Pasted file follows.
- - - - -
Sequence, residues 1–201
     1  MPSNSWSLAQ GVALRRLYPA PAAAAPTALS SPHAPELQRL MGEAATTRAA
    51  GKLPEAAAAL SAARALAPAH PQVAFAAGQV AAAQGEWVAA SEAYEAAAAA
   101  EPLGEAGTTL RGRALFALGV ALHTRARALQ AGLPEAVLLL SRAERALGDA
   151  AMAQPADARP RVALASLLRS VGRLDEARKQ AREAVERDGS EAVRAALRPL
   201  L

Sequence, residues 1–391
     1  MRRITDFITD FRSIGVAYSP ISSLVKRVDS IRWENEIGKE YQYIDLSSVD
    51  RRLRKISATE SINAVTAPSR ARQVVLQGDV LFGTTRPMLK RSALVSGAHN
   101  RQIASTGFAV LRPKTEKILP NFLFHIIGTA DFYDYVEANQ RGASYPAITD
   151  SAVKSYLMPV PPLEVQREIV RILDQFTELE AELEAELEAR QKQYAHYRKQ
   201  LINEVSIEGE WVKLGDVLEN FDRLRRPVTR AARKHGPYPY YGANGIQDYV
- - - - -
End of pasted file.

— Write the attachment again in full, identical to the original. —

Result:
Sequence, residues 1–201
     1  MPSNSWSLAQ GVALRRLYPA PAAAAPTALS SPHAPELQRL MGEAATTRAA
    51  GKLPEAAAAL SAARALAPAH PQVAFAAGQV AAAQGEWVAA SEAYEAAAAA
   101  EPLGEAGTTL RGRALFALGV ALHTRARALQ AGLPEAVLLL SRAERALGDA
   151  AMAQPADARP RVALASLLRS VGRLDEARKQ AREAVERDGS EAVRAALRPL
   201  L

Sequence, residues 1–391
     1  MRRITDFITD FRSIGVAYSP ISSLVKRVDS IRWENEIGKE YQYIDLSSVD
    51  RRLRKISATE SINAVTAPSR ARQVVLQGDV LFGTTRPMLK RSALVSGAHN
   101  RQIASTGFAV LRPKTEKILP NFLFHIIGTA DFYDYVEANQ RGASYPAITD
   151  SAVKSYLMPV PPLEVQREIV RILDQFTELE AELEAELEAR QKQYAHYRKQ
   201  LINEVSIEGE WVKLGDVLEN FDRLRRPVTR AARKHGPYPY YGANGIQDYV